1:6. If angels cannot be called begotten sons, and angels are just men, then that would mean that no man could ever hope of becoming begotten of God. Wouldn’t that be so? And yet, I Peter 1:3 says that God has begotten us again unto a lively hope by the resurrection of Jesus from the dead! Do you see the problem that would be created here?) Before we move on to the third deduction, we should briefly review the claim that the use of the term “sons” always implies literal offspring. There are two prime examples that show otherwise: one of them is from the Old Testament, and the other one is from the New. I Kings 20:35 speaks of “the sons of the prophets.” Clearly, these were not the literal offspring of the prophets, but were simply their disciples and followers. Also, Galatians 3:7 says, “Know ye therefore that they which are of faith, the same are the children of Abraham.” In this passage, we see that faith is the determining factor that establishes one as being a son of Abraham, and not physical lineage. So the argument offered for Preexistence cannot be sustained in this way.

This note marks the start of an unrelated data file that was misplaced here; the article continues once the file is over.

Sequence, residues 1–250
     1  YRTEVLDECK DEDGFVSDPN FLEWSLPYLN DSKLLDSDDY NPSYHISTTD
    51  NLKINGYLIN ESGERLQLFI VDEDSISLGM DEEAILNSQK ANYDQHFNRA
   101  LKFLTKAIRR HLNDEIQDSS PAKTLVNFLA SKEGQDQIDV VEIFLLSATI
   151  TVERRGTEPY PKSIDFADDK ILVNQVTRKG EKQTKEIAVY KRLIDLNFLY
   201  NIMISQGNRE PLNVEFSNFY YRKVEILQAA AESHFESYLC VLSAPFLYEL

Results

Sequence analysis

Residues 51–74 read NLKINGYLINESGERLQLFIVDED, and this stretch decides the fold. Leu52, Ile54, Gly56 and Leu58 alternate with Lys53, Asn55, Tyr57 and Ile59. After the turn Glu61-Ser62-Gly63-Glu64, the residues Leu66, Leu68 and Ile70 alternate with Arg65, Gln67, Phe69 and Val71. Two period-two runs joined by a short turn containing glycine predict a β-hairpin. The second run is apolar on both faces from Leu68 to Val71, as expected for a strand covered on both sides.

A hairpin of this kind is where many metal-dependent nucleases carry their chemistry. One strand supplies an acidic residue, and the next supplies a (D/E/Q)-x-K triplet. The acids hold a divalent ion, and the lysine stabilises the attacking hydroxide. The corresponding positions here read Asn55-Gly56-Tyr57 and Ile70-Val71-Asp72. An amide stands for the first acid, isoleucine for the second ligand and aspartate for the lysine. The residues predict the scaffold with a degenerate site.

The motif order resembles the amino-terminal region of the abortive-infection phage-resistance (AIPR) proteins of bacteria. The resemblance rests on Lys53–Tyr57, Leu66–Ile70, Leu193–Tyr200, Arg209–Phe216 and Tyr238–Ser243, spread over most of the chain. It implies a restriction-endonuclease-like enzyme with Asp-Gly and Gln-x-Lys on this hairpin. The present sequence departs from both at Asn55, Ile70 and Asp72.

So far, we’ve explored two primary deductions from Job 38:7. The first of these pertained to the issues of WHAT, WHEN and WHERE. During our excavation of facts in these fields, nothing turned up which provided any genuine support for the doctrine of Preexistence. Next, we examined two exegetical arguments regarding WHO it is that was identified in the text; the traditional view of angels, and its main challenger, the preexistent spirits of men. As we’ve just seen, this examination also failed to provide the proof needed to justify the teaching. Now, we’ll consider a third deduction, which has to do with the issue of WHY. Why did God ask these questions of Job? What was the purpose behind them? And were they 4 actually designed to promote a belief in a preexistent state of the human spirit?

Preexistencists say that God’s intention for asking Job about his whereabouts while the morning stars were singing, and the sons of God were shouting for joy at the foundation of the earth was to jog his memory.

They believe that Job should have responded to God’s question, “Where wast thou…” by saying, “I WAS THERE!” But they offer no real reason for making this assumption, and none can be offered for them, other than the fact that it’s based on their doctrinal presupposition.